Using Scissors and Tape with Two and Three Year Olds
Updated: Jul 27, 2020
I will start by saying that I can't promise that I won't get carried away talking about scissors and tape. I might get swept up in an almost religious zeal as I describe children using these materials.
When the day comes in my classroom, usually in the 3rd-4th month of school, where the tape and scissors are left on the shelf, and I see children walking with their hands full of these supplies to the art table, I feel like I have fulfilled my purpose on this earth.
I might be a overly passionate about my job. Just the teensiest bit.
But, let's start from the beginning. We build up to using scissors and tape together over the course of a few weeks. There are so many steps to the process, and so it helps to break it all down.
When this blog post is done, you will have a month's worth of art lessons planned.
First, we begin with tape.
Colored masking tape, to be exact. For at least three days, the art table will have pre-cut tape for the children. The tape is there for them to pull off the tray and place onto their paper.
They are learning that tape is sticky on one side. That side has to be touching the paper in order for it to stick.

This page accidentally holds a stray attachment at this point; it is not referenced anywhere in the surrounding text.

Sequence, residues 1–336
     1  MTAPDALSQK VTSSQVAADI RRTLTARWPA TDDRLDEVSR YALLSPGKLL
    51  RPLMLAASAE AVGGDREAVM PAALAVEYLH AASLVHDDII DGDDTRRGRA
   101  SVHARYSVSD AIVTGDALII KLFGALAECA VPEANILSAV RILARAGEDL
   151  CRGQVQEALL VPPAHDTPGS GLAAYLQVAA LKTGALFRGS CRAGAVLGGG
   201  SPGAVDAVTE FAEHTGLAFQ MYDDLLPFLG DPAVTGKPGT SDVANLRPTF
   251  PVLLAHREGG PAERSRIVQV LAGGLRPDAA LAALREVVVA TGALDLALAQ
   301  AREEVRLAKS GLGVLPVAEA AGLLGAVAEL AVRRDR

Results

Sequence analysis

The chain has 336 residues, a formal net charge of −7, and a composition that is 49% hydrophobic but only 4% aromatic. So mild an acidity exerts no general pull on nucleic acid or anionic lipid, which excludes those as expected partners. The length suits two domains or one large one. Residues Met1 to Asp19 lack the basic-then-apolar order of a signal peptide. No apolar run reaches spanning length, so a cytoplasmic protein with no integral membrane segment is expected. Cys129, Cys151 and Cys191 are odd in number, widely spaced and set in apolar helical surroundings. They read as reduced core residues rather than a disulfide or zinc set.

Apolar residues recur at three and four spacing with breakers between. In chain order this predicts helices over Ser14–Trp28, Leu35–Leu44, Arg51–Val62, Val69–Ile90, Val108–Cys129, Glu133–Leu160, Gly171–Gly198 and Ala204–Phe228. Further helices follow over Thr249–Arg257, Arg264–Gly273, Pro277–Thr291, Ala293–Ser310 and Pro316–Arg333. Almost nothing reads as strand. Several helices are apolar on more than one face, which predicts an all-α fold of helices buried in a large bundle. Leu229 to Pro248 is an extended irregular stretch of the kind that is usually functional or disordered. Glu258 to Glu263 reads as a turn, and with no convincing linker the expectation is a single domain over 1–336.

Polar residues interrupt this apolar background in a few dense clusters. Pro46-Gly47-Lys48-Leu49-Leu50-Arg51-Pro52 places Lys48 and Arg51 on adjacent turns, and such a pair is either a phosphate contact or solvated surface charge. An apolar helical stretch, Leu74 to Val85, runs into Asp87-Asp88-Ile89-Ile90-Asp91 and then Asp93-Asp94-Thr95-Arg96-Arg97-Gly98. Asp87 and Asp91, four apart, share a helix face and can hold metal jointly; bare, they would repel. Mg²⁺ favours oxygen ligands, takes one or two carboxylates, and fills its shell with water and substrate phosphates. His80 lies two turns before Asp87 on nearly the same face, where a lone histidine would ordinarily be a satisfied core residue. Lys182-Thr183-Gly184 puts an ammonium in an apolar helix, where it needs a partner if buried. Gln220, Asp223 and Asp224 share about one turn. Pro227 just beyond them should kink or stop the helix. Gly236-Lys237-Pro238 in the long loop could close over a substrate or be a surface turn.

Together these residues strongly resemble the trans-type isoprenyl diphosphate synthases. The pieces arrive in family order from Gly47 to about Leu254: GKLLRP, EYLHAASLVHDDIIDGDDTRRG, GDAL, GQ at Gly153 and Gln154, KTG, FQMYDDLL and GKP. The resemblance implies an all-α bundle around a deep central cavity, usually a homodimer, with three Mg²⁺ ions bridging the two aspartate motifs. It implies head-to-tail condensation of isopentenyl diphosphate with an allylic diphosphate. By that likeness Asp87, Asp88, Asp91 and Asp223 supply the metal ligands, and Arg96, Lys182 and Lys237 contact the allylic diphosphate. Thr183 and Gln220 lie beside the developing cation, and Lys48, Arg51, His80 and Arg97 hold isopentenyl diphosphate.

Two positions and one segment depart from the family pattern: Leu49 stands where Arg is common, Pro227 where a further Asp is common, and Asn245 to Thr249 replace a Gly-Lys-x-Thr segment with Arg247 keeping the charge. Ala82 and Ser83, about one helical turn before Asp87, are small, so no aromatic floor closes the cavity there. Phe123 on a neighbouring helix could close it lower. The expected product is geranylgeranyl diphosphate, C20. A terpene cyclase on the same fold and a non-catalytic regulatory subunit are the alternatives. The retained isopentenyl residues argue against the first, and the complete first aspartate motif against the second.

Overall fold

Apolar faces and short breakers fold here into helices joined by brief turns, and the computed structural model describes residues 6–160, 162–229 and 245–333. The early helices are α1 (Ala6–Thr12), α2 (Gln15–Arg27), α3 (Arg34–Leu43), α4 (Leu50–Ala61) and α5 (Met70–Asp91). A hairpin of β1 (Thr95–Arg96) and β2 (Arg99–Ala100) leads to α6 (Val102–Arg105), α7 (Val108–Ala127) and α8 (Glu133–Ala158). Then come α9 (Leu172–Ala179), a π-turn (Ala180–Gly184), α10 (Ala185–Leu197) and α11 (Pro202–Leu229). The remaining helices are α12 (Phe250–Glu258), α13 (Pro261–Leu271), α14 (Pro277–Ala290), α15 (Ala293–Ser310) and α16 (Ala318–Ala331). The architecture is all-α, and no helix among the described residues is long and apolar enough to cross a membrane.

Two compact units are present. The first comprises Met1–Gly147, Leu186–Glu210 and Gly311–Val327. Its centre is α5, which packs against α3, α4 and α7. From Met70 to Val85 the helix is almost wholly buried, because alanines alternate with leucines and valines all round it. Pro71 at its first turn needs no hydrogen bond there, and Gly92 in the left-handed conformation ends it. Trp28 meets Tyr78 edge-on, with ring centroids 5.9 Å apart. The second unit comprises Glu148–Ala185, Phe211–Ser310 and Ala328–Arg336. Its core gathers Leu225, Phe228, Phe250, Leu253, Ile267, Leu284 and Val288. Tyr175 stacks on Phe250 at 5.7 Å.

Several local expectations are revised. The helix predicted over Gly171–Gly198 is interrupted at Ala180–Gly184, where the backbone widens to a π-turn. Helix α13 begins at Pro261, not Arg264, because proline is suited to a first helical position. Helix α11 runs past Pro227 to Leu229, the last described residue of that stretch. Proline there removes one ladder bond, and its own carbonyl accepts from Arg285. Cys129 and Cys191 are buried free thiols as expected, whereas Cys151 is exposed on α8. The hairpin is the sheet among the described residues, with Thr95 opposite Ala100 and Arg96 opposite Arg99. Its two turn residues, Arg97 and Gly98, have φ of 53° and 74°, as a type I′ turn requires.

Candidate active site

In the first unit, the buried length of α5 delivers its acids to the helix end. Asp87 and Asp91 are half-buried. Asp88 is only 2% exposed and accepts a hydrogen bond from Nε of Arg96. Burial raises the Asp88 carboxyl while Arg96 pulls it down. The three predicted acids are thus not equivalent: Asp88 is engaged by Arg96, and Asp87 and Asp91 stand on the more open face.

Handling the tape might require using two hands to keep the tape straight as it is placed on the paper. If they do not hold the tape straight, there might be some wrinkles and folds in their tape. Some children do not mind wrinkly tape. Others refuse anything other than a pristine, perfectly laid out piece of tape.
The children notice the bright colors. Some children choose a color at random, and put the tape down anywhere on the page. But some children quickly develop a plan, choosing their colors and placement carefully.
It is fascinating to see how each child approaches their work. These are also great sources of conversation. This is where we the rich conversation that builds children's vocabulary comes into our work. This is where we teach children that talking about art means noticing lines, colors, shapes, and techniques. This is where we can give authentic feedback in addition to, or instead of praise.